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My cholesterol's high, what can I do? (without statins)

After menopause we’re more susceptible to high cholesterol. And while cholesterol may be more a symptom than the real problem, it’s wise to get your numbers in the healthy range. But how do you do that, especially if you don’t want to take medication?

Let’s start by reiterating that cholesterol is a fatty, waxy substance that plays a vital role in the function of every cell in our body. It also helps to make sex hormones, bile acids and vitamin D.

Most of our cholesterol (about 80%) is made by our own livers, and livers aren’t silly. They make it because we need it for all the jobs it does.

Recent thinking is that diseases such as heart disease aren’t so much caused by cholesterol as by inflammation and insulin resistance, which show up in conjunction with high blood pressure, high blood sugar, excess belly fat, smoking and high stress levels.

Abnormal cholesterol and triglycerides occur in response, and the reason that statins work is that they reduce inflammation.

We can reduce inflammation and insulin resistance by addressing our diet, exercise, stress and sleep. (And smoking obviously, but that one’s so obvious I won’t focus on it here.)

Our waist size can be a guide as to how we're going on this. At 60 or 70 we’re not going to have our 20-year-old waistline, but if the tape measure goes beyond 80cms at the narrowest part, we're considered to have a higher risk of disease. 

It does sound like a broken record, but the only way to reduce your belly is by turning around your lifestyle (i.e. diet, exercise, stress and sleep). 

So a good first strategy is to overhaul your diet. 

An anti-inflammatory diet includes foods such as vegies, fruit, nuts and seeds, legumes, seafood, olive oil, and herbs and spices (such as turmeric).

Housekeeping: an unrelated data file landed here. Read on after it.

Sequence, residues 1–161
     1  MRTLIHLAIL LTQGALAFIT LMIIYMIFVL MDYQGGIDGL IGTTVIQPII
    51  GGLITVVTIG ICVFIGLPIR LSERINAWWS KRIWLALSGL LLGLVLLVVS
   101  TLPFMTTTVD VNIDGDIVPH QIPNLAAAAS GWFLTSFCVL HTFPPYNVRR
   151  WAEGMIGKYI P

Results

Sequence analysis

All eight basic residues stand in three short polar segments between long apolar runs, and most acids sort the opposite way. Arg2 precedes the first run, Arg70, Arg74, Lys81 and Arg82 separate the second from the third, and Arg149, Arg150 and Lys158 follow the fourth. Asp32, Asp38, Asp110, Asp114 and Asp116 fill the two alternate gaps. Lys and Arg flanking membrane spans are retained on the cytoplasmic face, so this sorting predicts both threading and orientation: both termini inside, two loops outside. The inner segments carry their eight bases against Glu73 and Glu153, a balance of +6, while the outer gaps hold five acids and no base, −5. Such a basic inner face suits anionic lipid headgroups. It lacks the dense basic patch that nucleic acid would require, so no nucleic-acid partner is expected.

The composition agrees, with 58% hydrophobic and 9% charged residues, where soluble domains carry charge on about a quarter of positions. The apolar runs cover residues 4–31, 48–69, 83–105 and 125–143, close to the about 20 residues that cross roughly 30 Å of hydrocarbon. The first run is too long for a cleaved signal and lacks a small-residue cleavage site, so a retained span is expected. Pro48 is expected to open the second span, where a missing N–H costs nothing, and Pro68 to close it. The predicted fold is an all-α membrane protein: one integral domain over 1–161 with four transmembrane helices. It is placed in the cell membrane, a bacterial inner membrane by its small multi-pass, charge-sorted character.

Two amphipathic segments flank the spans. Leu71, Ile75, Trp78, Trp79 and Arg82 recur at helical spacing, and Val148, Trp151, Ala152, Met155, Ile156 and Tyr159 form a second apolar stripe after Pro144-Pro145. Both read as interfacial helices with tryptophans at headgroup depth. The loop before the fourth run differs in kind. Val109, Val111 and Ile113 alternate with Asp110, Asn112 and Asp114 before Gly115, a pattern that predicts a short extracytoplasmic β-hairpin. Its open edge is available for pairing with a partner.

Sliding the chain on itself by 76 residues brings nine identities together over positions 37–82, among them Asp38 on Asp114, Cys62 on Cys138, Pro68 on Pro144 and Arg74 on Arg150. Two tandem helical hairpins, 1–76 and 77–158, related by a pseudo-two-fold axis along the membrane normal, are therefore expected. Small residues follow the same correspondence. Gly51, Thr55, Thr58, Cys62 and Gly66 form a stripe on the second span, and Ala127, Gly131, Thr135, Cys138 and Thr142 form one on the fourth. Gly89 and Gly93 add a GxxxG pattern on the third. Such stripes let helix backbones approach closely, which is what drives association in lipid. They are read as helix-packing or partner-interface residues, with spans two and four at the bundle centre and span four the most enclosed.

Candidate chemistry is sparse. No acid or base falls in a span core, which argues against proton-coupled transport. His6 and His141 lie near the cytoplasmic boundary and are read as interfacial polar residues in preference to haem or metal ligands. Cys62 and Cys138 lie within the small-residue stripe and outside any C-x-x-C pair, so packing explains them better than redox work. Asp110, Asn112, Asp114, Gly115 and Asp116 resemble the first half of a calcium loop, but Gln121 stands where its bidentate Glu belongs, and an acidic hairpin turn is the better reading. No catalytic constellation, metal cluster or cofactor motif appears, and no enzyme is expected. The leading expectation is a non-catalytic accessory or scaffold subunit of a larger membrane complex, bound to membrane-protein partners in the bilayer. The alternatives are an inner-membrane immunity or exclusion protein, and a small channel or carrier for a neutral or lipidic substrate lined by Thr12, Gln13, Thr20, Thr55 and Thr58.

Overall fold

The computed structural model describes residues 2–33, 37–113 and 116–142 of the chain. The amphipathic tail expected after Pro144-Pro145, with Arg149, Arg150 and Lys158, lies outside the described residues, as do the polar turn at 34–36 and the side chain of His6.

If you need a place to start, eat more vegies. The recommendation of five per day is barely sufficient. Shoot for at least a couple more than that, in stir fries, soups, salads, curries. 

Most of us can healthily eat some eggs, dairy and red meat, but go for quality — sugar free, chemical free, and so on. 
Toss the sugar, refined cereals, most commercial breads and crackers, pasta, white rice, fruit juice, processed meat, refined salt, trans fats, margarine, vegetable oils, and most of what’s on supermarket shelves. (A recent study showed that two-thirds of supermarket items are highly processed, so be discriminating.)

Some supplements — such as Coenzyme Q10 — can also help to reduce inflammation, but get into a healthy routine with food first.

Remember too that it’s your liver’s job to get rid of excess cholesterol, and it can’t do that if it’s overloaded.

Livers appreciate foods such as vegies (e.g. brassicas, the onion family and leafy greens) and turmeric. They’re also grateful when you go easy on alcohol.

It's worth adding that some people improve their cholesterol by eating less, through regimes such as the 5:2 diet.

Your next strategy is to move more: sit less, garden, walk, swim, dance, whatever. Every bit helps. Strength training has been shown to have a positive effect on cholesterol levels after only a few weeks. 

Third, be proactive about managing stress. When you’re stressed you’re less likely to eat well, and the stress hormone cortisol can add to that spare tyre. I’ve got a friend who swears she’s improved her cholesterol results through meditation and a relaxed breathing practice.

Finally, get enough sleep — at least seven hours a night. Less than five is also linked to weight gain.

Over time, a sensible aim is to reduce our triglycerides and increase our HDL cholesterol. 

While it’s true that some people inherit a cholesterol problem, it’s a small number. More of us inherit our family’s habits. 

But by improving your diet, exercise, stress and sleep, you can expect to do good things for your health and your blood test results.

Even if you still end up needing medication, you’ll have made huge gains.

Photo source: Bigstock 

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Thursday, June 28, 2018 | Rhonda Anderson